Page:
Colon (:) When to Use a Colon with Colon Punctuation Rules

Most of the time, the Colon (:) symbol is misunderstood, due to every culture and the way it is used for those cultures. Usually, Latin relatives languages (Eastern Europe) are using the colon with different purposes than Americans. Because the colon came from Latin writers, this punctuation mark kept its pure meanings for Latin countries. It can happen that Latins will use the colon symbol too much, in order to make their writing much easier to write and read. It is said that this symbol was specially invented for lazy artists, in order to put everything on the list and write as simply as possible.

Whatever the colon symbol started from somewhere (as any other thing) and then expanded to the whole world. That’s why some of the rules may apply to all cultures.

The Colon Symbol (:)

What Is a Colon?

A colon is a punctuation mark, which can be easily interfering with something else, such as a semicolon (;). In fact, Aristophanes was a librarian who invented a symbol with three dots, arranged vertically. Each dot had its meaning, such as:

  • The highest dot represented the end of a sentence
  • The dot on ‘ the ground ‘ had the meaning that the comma has today (breaking the propositions)
  • The dot placed in the middle represented a break between those two.

After some time, those dots split up into a colon (:), a comma (,), and a period (.), as it should be.

The actual meaning of a colon symbol is like a statement. You are making a pause after a sentence, noticing the most important things. Usually, after a colon, the bullets are coming through. When using a colon, is like you are saying a lot more, such as ‘ here’s what I mean ‘, ‘ that is what to say ‘.

Learn more about the difference between a colon and a semicolon

American vs. British English Use of a Colon

There is only one difference. The choice to capitalize after a colon in American English isn’t common at all in British English, regardless of whether the following clause is independent or dependent.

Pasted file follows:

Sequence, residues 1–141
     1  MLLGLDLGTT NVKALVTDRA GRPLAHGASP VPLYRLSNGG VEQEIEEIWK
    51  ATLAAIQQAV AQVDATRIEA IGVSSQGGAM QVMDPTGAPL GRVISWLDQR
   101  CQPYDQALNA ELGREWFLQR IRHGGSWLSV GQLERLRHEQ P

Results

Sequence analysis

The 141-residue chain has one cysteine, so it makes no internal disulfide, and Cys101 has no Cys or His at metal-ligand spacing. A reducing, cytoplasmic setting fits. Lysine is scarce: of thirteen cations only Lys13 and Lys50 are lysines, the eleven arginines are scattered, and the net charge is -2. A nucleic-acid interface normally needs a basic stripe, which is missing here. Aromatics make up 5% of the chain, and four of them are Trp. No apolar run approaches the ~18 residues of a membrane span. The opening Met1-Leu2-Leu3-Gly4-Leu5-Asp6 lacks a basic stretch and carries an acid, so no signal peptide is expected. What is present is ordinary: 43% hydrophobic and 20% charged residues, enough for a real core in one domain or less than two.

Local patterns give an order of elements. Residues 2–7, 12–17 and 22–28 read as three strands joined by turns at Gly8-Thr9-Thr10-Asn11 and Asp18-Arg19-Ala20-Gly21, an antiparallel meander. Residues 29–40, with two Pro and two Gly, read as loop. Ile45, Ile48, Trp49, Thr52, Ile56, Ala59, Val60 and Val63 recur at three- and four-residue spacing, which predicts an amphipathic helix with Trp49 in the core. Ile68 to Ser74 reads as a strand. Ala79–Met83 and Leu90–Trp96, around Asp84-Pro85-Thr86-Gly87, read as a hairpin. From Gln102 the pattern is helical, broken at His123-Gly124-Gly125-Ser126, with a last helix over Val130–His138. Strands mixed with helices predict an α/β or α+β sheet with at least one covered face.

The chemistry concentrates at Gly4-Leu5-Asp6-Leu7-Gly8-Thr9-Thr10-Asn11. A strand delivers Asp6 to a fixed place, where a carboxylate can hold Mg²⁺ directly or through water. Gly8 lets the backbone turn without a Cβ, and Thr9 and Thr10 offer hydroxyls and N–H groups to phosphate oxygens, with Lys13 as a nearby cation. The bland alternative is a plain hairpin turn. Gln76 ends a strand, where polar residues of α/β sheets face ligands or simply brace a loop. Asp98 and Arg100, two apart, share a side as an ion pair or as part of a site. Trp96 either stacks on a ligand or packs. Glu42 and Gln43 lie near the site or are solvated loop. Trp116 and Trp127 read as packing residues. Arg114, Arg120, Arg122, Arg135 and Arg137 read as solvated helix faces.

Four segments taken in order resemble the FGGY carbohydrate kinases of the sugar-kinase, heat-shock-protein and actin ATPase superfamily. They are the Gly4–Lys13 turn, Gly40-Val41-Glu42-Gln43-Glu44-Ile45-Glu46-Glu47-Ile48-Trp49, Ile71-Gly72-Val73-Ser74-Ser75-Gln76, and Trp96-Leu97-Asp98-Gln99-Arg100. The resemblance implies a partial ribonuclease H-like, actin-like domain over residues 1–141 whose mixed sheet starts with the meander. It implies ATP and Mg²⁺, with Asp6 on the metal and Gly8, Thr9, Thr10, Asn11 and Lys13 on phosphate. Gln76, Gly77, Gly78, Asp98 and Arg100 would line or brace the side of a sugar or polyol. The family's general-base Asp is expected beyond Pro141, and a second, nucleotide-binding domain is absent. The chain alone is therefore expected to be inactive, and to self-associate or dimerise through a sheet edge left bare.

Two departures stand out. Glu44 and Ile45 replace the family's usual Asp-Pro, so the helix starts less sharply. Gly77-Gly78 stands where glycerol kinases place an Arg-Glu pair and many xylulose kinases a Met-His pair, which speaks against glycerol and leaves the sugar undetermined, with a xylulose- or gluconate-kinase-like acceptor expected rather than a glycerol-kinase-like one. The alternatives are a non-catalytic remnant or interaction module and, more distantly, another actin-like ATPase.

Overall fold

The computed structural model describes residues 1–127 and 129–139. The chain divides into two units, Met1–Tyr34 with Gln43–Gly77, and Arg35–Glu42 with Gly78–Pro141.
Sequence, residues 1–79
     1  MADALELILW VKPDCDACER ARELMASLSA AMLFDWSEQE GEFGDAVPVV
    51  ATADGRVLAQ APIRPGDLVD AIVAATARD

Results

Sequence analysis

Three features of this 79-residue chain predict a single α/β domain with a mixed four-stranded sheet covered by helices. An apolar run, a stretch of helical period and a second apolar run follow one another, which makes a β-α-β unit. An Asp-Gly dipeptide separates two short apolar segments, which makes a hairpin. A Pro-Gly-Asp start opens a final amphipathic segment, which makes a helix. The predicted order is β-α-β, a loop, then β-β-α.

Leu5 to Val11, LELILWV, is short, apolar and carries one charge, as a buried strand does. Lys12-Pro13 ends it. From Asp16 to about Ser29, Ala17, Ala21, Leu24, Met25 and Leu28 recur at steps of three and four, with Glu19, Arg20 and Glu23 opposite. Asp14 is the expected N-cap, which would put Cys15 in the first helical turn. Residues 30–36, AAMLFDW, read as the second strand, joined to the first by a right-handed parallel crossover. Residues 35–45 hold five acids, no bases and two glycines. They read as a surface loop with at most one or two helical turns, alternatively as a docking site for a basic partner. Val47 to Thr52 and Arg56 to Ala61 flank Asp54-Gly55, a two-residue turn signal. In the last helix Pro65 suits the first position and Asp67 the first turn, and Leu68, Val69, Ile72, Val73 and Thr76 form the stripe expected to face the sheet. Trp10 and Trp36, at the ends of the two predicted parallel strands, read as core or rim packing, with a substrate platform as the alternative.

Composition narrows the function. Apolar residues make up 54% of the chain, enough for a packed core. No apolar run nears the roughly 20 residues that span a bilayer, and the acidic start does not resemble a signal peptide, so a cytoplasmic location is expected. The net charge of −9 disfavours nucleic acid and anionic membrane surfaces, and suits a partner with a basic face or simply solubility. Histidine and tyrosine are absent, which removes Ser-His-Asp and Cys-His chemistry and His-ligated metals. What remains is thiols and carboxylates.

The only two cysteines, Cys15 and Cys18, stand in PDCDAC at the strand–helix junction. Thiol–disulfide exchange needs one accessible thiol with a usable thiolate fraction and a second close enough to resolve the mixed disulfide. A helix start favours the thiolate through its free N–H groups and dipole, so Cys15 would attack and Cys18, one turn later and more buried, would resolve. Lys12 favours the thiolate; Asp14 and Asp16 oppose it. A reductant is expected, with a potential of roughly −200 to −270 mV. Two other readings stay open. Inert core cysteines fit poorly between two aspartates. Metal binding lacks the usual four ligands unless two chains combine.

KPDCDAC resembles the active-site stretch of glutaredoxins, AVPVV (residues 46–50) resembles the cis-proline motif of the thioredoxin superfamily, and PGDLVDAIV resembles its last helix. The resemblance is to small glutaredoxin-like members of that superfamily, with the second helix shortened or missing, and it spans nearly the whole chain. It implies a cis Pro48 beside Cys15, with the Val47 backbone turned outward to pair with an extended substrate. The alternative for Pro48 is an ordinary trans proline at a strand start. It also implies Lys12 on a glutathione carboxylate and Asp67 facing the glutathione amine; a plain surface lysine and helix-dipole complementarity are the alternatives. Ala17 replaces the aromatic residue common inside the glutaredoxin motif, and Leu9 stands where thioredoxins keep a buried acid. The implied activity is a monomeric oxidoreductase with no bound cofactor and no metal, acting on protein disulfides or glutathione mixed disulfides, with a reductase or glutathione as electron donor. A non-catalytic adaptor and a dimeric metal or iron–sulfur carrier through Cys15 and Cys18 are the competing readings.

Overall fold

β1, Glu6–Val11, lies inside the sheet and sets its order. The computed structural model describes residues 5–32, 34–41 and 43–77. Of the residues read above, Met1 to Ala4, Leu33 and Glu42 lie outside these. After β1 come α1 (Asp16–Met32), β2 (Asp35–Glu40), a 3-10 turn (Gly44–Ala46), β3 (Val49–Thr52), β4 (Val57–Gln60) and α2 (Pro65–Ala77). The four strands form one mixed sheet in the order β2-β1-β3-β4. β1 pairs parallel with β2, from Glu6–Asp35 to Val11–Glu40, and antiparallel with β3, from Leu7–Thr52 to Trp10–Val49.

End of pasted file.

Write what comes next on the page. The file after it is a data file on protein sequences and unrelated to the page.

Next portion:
Key Points to Remember When Using a Colon

You can use a colon before an explanation (or an independent clause), a list, or a quote. You should always set up the first part of the sentence before the colon to clarify that the emphasis is on the next part of the sentence following the colon. In American English you should only use a capital letter on the next word if it is an independent clause (and only if you want to), we should never use a capital letter if the following clause is dependent or part of a list, however.

When to Use a Colon

When writing, using colons can be a bit of a difficult thing. Sometimes people attempt to use them but do so in a manner that isn’t strictly grammatically correct. So, this guide will hopefully teach you how to avoid some common mistakes, what exactly colons are and how they work, and provide you with a little quiz at the end to test your new knowledge.

When to Use a Colon with 13 Colon Punctuation Rules

Because there are many punctuation marks that are used in a sentence, is good to know when is the right time to put the colon symbol.

(1) Use the colon mark when the sentence is completed. Usually, people are making this mistake because they think the colon will continue the previous sentence. This also depends on the writing style (if you are writing in Chicago style or AP style).

(2) You can use a colon to introduce an item or a list of items that are based on the same topic.

E.g. I’m going on a camping trip so I will need: sleeping bags, a tent, a fan.

(3) You can use a colon as a replacement for the exclamation mark, and so you are giving your point of view. It also used when writing scripts for a play, because it gives a specific tone to the speaker (it depends on the context).

E.g. You need one thing to lose weight: a good diet.

(4) You can use a colon when you don’t want to excessively use semicolons. This way, the colon will separate two sentences so you will not make a hardly understandable sentence.

E.g. He really made it the way he wanted: he built the dream house for his family. This is only allowed when using the AP style.

(5) When you are writing in the Chicago style, be sure that after the colon, your first letter is in upper case.

(6) You use the colon so as the words seem more spread out across the page.